$1 Million Math Problem: Banker D. Andrew Beal Offers Award To Crack Conjecture Unsolved For 30 Years

By Staff Reporter on June 5, 2013 1:08 PM EDT

$1 million math problem
A $1 million math problem is unsolved for 30 years. (Photo: AMS)

Can you solve the $1 million math problem? Self-taught mathematician and Texas banker D. Andrew Beal is offering a cool $1 million to any person that can successfully solve and fulfill, or present a counterexample to, a math problem that has stumped the most brilliant professors since the 1980s.

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The $1 million math problem was published by the American Mathematical Society (AMS) of Providence, Rhode Island, on Monday. According to AMS spokesperson Michael Breen, the solution of the $1 million math problem is more difficult than the related Fermat's Last Theorem, a problem without a published solution for hundreds of years.

The $1 million math problem is a number theory problem that is known as the Beal Conjecture, named after D. Andrew Beal. In 1997, D. Andrew Beal first announced the Beal Prize of $5,000 for any brilliant mind that can present an answer. After years without a solution, the prize money steadily climbed.

According to D. Andrew Beal, the $1 million Beal Prize and the brain-picking Beal Conjecture is his way of inspiring young people to pursue math and science.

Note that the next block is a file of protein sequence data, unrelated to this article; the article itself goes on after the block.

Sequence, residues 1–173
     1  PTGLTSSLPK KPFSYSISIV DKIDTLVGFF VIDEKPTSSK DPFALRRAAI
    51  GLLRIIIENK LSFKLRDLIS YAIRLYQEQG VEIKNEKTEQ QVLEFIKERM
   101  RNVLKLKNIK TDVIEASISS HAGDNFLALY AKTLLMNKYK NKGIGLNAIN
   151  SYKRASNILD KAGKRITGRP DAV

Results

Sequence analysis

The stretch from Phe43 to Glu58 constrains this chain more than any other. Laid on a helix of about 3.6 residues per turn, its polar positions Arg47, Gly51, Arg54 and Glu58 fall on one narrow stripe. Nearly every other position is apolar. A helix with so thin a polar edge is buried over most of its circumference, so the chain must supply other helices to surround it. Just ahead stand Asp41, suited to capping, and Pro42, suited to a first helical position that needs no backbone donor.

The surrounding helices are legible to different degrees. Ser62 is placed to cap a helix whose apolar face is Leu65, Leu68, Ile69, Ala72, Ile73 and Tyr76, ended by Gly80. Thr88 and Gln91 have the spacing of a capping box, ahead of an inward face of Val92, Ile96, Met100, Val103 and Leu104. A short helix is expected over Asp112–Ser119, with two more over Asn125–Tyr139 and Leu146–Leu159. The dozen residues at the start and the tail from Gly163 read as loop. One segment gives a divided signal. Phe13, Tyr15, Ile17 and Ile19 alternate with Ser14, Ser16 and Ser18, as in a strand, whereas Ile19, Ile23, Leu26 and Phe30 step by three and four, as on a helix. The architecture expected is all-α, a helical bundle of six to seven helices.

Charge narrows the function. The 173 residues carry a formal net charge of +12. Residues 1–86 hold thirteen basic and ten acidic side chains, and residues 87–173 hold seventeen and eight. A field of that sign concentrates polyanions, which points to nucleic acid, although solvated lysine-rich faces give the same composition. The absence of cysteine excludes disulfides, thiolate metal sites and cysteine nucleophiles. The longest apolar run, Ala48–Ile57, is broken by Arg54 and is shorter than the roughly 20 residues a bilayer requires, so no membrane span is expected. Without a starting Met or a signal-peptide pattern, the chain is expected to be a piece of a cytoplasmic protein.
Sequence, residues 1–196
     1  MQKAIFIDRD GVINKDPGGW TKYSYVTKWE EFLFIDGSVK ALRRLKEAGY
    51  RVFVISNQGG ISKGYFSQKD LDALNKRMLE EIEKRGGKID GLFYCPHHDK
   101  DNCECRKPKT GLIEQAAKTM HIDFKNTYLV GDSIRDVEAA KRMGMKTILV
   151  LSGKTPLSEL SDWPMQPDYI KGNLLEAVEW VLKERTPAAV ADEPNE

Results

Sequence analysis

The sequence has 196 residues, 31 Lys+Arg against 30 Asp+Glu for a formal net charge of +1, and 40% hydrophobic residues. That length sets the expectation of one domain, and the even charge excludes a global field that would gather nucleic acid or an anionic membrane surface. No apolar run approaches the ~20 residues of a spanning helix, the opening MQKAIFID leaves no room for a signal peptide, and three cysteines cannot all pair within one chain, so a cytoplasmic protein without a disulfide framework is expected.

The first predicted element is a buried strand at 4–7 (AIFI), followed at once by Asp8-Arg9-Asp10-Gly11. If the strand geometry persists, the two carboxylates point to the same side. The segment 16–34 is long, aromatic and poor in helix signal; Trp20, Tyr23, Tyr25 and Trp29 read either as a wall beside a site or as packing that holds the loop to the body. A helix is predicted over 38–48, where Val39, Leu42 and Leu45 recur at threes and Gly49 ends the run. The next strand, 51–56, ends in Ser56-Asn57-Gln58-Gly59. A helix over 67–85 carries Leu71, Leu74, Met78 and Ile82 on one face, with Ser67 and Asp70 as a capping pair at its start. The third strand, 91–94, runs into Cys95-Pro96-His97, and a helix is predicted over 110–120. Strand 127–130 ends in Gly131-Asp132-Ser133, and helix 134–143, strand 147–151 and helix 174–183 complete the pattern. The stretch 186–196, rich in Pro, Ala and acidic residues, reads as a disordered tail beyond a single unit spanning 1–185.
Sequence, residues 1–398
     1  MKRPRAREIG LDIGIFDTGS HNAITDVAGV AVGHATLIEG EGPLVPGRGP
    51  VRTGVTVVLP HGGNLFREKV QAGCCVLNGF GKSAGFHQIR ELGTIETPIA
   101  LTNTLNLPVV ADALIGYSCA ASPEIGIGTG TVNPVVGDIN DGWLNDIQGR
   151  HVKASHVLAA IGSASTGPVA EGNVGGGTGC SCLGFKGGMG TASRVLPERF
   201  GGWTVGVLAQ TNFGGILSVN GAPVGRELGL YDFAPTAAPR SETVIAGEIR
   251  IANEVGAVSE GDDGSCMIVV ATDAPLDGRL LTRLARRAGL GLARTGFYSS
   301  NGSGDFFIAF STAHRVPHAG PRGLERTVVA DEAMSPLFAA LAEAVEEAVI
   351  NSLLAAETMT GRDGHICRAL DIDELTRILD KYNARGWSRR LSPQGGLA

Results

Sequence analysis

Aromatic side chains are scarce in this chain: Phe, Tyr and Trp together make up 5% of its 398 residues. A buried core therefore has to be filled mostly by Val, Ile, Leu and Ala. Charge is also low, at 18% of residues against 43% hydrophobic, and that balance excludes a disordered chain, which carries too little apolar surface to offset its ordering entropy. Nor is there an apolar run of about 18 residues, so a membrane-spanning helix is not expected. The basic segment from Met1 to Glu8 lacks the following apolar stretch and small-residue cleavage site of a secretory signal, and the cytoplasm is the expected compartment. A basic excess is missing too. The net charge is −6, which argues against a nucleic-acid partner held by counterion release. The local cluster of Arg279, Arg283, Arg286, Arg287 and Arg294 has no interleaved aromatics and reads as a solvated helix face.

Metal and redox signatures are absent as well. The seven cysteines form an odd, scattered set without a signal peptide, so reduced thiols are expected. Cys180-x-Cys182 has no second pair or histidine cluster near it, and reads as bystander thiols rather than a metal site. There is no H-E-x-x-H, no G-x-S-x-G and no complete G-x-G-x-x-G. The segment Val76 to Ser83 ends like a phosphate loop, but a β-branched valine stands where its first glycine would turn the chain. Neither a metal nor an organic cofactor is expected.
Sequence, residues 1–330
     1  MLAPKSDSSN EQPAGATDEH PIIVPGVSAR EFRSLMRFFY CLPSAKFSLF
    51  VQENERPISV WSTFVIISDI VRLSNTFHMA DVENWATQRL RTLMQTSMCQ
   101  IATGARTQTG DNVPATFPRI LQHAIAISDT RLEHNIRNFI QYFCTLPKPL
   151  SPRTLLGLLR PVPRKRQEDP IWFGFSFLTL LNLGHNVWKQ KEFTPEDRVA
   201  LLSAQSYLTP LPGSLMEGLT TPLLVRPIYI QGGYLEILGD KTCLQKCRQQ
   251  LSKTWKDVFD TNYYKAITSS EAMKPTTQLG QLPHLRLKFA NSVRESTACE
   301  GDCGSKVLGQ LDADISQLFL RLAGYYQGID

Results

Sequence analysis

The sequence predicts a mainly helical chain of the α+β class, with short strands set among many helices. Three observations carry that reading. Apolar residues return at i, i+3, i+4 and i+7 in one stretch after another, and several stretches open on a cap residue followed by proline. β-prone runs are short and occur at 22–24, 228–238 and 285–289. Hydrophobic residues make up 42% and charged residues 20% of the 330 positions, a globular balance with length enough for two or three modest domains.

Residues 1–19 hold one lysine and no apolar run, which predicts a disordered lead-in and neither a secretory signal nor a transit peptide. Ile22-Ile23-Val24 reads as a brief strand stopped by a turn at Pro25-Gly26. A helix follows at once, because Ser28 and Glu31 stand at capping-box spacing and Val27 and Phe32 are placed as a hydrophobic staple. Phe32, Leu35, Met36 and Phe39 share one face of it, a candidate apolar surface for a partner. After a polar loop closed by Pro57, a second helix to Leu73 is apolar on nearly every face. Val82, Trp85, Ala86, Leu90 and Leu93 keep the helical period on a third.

The $1 million prize is held in trust by the AMS until the Beal's Conjecture is finally solved. The Beal Prize is supervised by the Beal Prize Committee (BPC), which is appointed by the AMS president.

The following is the Beal's Conjecture:

If Ax + By = Cz, where A, B, C, x, y and z are positive integers and x, y and z are all greater than 2, then A, B and C must have a common prime factor.

The rules require the solution to the Beal's conjecture to be published in a respected and refereed mathematics publication that maintains high editorial standards and ethics. A proposed solution to the Beal Prize Problem may not be submitted directly to the American Mathematical Society, to the Beal Prize Committee, or to D. Andrew Beal.

Finally, the solution must be widely accepted by the mathematics community following a two-year period after it is published.

No doubt, the Beal's Conjecture problem is potentially the most difficult $1 million contest ever. Do you think you possess the successful solution or counterexample to the $1 million math problem? Visit the official American Mathematical Society website to learn more.

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